Researching the background on this film introduced me to the term "Poverty Row", which was used in Hollywood from around the 30s to the 50s to describe studios who made low budget 'quickie' movies. "The Mad Monster" came from a poverty row studio notorious for making bad B-movies and exploitations flicks, PRC ('Producers Releasing Corporation', or as the critics called it 'Pretty Rotten Crap'). Mostly they made westerns and melodramas, taking a week or less to shoot each one, and sometimes horror movies like this one. It was directed by Sam Newfield, who ran the studio with his brother and directed a great number of its movies. Sometimes he did this under different names so as to hide the fact that they couldn't afford or didn't want more directors.
A scientist demonstrates to his colleagues the results of his animal/human blood transfusions, by transforming an ordinary man into a wolf man. They all think he's crazy, of course. And he thinks they are blind fools, of course. Guess which of them are proven right. Glenn Strange appears as the previously mentioned witless 'ordinary' man, gaining some experience here for his future roles in the Universal sequels as Frankenstein's monster. It isn't long before he gets to run riot as the wolf man, terrorizing the townsfolk and being generally ravenous. It's all good fun.
"The Mad Monster" was one of four werewolf movies in this database that were given the "Mystery Science Theater 3000" treatment (the others being "I Was A Teenage Werewolf", "Samson vs the Vampire Women" and "Werewolf"), and its easy to see why. This is classic B-movie; rushed, low-budget, poorly written and simply laughable. It's obvious that this movie was churned out in order to cash in on the commercial success of "The Wolf Man" the year before, though it's surprising it didn't at least have the word "wolf" in the title. "The Wolf Monster", maybe? But that makes this the fourth earliest werewolf movie currently available as far as I know. It actually borrows as much from the earlier two more obscure films, "Wolf Blood" and "Werewolf of London", as it does from "The Wolf Man". Inparticular the idea of being infected as a werewolf through a blood transfusion with a wolf, which was also the plot of "Wolf Blood" ... this actually got the movie banned in the UK, and when it was eventually released it contained a disclaimer along the lines of, "Yeah. Animal blood transfusions wouldn't cause werewolfism." Cos, y'know, that's clearly how dumb people were back then.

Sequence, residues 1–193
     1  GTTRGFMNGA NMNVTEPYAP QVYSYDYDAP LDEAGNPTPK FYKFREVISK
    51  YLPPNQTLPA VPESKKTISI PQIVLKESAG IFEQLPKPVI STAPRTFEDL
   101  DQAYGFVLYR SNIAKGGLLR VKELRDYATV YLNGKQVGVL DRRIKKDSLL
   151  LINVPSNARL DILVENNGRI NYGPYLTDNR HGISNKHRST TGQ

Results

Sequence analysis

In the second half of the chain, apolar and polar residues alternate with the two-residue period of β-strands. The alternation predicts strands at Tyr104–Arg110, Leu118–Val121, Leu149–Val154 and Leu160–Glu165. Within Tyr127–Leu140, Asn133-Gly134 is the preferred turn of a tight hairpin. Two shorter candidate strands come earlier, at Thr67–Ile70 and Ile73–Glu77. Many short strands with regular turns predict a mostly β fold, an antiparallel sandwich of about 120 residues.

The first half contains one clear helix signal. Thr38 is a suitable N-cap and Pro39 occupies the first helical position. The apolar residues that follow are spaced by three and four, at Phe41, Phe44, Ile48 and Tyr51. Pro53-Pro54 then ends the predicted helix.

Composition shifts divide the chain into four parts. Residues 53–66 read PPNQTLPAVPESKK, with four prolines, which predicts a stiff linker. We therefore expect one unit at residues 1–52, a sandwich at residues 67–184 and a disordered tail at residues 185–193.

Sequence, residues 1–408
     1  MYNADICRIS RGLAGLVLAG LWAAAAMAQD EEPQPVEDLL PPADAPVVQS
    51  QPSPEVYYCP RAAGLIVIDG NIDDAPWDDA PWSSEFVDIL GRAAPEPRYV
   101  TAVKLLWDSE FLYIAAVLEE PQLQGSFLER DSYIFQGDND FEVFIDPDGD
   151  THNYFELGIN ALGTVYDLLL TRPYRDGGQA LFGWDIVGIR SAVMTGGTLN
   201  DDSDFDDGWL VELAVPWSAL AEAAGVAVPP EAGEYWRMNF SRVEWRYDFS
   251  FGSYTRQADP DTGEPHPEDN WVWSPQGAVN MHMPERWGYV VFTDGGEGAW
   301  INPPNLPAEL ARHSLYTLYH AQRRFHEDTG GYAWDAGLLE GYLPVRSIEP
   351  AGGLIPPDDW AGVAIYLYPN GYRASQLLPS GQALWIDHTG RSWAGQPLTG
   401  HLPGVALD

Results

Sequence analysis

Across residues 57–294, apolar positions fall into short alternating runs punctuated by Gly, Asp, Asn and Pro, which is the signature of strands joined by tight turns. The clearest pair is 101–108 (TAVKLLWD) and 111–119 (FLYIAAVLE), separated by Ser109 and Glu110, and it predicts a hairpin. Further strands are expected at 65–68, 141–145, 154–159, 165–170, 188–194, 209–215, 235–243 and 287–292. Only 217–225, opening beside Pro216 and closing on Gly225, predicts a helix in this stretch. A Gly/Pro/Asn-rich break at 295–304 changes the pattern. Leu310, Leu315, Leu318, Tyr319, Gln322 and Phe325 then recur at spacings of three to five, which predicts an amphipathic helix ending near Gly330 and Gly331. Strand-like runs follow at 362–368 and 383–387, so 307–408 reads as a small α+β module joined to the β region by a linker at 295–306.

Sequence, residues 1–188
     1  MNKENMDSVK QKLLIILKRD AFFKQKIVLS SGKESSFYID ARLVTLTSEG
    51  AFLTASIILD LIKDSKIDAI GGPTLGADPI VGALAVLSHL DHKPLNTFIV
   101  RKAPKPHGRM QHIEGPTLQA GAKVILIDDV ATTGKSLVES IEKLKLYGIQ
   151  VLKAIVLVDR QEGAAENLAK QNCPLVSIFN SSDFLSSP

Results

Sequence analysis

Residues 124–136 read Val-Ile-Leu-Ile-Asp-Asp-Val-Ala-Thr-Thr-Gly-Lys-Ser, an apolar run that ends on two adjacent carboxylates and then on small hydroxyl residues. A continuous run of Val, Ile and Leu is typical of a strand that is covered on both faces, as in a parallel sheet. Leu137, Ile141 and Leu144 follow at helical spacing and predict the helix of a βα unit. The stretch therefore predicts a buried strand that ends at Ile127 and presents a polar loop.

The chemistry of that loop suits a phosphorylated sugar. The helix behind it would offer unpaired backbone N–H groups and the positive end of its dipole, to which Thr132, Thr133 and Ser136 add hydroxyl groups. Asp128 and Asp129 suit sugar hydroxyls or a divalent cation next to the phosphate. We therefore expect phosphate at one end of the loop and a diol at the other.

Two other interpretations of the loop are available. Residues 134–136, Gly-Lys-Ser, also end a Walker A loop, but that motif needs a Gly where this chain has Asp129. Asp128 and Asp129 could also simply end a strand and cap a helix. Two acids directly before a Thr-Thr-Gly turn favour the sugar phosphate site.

Yes, this is a very badly-made movie. Yes, it is quite dull. But it's also an important part of werewolf movie history. Arguably, it is the earliest obtainable werewolf B-movie, and that alone makes it worth obtaining, at least for fans of the genre.
The film starts right away with a transformation sequence. A mad scientist demonstrating a wolf-to-man blood transfusion, which results in a transformation that is achieved, as you'd expect, with dissolves (see top photo). The same goes for the transformations back to human form. The scientist's plan is to create an army of wolf man, but his scientific colleagues ain't too happy about that. To teach them a lesson, he sets his newly-created wolf man out to terrorize.
There are many shots of him wandering around in a misty forest (see bottom photo), clearly drawing upon "The Wolf Man" very heavily. Except that Glenn Strange just kind of walks casually through the forest, unlike Lon Chaney Jr who actually tried to appear wolf-like and creepy. There's not a lot of real werewolf folklore on show here, since its all strictly 'mad scientist' territory; the werewolf is entirely a creation of science. It does employ the idea of the silver bullet, though.